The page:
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SPAIN: New stricter rape law to be reviewed after rulings reducing jail sentences

New stricter rape law to be reviewed

Recent rulings led to reduce some jail sentences; judges accused of ‘misapplying the law’


By Graham Keeley


Euronews (16.11.2022) – https://bit.ly/3Vca60E – Spain is to review a new law to give victims of sexual offences more protection after a series of court rulings led to prison sentences being reduced for offenders because of a loophole in the legislation.


The law came into force last month, six years after what became known as the ‘Wolf Pack’ case in which five men gang-raped an 18-year-old woman at the Pamplona bull-running festival but were at first handed a lesser sentence for the crime of sexual abuse.


This case prompted demonstrations across Spain and led the government to change the criminal law on sexual offences.


Known as the ‘yes means yes’ law, the new legislation qualifies any non-consensual sex as rape, bringing Spain into line with 11 other European countries, including Britain, Sweden and Portugal.


The wide-ranging legislation also dealt with sex offences against children and punished catcalling towards women, and proposed re-education of offenders.


However, lawyers for convicted sex offenders used a loophole in the law which allowed for a general reduction of jail sentences when new criminal legislation comes into force in Spain.

Reductions in jail sentences


When the law was written, it established minimum and maximum sentences and allowed sex offenders to apply to reduce their sentences retroactively.


In some cases, this meant when the maximum sentence was imposed, it could be reduced by defence lawyers citing the new law.


Lawyers for convicted offenders have sought to exploit this loophole in the law. 


Before the law was passed, Spain’s General Council of the Judiciary, the ruling body of the judiciary, warned this might happen.


In general, when a new criminal law comes into force, the principle is to apply more lenient sentences. Spain is regarded as having some of the most severe sentences in Europe.


In the latest case, a man who was condemned to eight years in prison for sexually abusing his 13-year-old stepdaughter had his sentence cut by a Madrid court to six years.


In Barcelona, a 28-year-old man, who raped a 60-year-old woman in her own home, was sentenced to three years and ten months. Judges ruled that in line with the new law, the sentence should be between two and four years.


Judicial authorities in Madrid told Euronews that there were scores of other cases in which sentences would be reviewed.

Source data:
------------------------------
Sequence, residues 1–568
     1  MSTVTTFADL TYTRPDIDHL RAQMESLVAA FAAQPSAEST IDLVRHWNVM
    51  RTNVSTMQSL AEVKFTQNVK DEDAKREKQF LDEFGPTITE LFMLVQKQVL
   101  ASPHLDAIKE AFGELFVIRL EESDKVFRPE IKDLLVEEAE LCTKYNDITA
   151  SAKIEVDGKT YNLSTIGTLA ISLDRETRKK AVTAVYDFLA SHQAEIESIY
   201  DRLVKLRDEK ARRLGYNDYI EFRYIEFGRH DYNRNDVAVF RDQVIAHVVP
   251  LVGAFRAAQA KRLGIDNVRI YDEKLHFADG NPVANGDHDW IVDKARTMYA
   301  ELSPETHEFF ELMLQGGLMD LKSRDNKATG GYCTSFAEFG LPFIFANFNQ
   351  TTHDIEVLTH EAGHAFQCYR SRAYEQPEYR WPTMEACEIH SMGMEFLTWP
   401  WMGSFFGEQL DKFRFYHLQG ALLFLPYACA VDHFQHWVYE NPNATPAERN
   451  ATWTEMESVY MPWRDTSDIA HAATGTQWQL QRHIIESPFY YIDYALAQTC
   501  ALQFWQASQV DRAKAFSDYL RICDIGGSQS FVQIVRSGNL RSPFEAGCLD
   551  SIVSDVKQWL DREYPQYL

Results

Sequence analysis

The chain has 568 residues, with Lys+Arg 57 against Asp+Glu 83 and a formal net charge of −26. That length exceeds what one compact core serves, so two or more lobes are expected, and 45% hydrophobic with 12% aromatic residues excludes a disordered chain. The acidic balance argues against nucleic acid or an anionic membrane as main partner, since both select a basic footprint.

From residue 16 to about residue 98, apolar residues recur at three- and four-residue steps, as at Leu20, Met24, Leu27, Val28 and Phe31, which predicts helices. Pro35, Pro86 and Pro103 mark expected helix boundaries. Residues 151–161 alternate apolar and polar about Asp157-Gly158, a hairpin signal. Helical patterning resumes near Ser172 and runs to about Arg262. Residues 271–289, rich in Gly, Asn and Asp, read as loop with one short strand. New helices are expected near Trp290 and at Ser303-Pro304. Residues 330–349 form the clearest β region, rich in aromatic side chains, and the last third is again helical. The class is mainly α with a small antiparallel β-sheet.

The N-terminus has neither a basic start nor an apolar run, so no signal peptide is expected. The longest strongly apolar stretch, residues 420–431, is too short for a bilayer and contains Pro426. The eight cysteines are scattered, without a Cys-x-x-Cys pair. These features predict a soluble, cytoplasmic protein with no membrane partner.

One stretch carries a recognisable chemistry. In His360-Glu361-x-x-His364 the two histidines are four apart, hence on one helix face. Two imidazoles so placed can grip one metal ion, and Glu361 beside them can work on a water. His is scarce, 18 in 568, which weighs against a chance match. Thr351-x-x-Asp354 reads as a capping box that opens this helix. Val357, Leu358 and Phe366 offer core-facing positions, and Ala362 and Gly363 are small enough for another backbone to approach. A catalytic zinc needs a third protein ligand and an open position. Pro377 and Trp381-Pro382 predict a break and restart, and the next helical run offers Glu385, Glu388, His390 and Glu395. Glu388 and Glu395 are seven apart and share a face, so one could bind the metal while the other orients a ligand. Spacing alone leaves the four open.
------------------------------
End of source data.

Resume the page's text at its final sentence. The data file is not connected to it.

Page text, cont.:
Maria Jesus Montero, the Spanish Treasury Minister, told the Senate on Tuesday that “after some sentences that were handed down, I think that this issue needs to be studied…because obviously, it was not the objective of the law that the sentences for child abuse could be lowered. Quite the opposite.”


Manuel Cancio Melía, a professor of criminal law at the Autonomous University of Madrid, said when criminal laws changed in Spain, the idea was to reduce sentences in general, but jail terms depended on the circumstances of individual cases.


“I cannot comment on these cases because we will have to see what happens with this law. There have been reductions but also in some cases of sentences being increased,” he told Euronews.


“In some cases, the sentences might be reduced if judges decide intimidation or violence was not used.”


The reductions in jail terms sparked a political row over a law which was championed by Spain’s left-wing government as a way to give victims of sex offences more protection.


‘Misapplying the law’


Ione Belarra, the leader of the far-left Unidas Podemos party, the junior partner in the coalition government which introduced the legislation, accused some judges of misinterpreting the legislation.


“Some of the judges in this country have set themselves up as opposition to the coalition and especially to the Equality Ministry…they are misapplying the law,” she tweeted.


Javier Maroto, the spokesman in the Senate for the conservative opposition People’s Party, called for a review of the law next week in the Senate.


“Spaniards are angry at the reduction of sentences for assaults on women and children. This should never have happened. The criminals are rubbing their hands together in glee.”


Under Spain’s previous sexual laws, an attacker had to use physical violence or intimidation for an assault to be classified as rape.


One aspect of the new law classes stalking or street harassment, or catcalling in a humiliating way will become crimes instead of misdemeanours.


Gang rape is considered an aggravating factor which could bring sentences of up to 15 years, a measure designed to deter these attacks, which have shocked Spain.


The law has created a four-hour sexual assault helpline and specialised children’s homes for underage victims.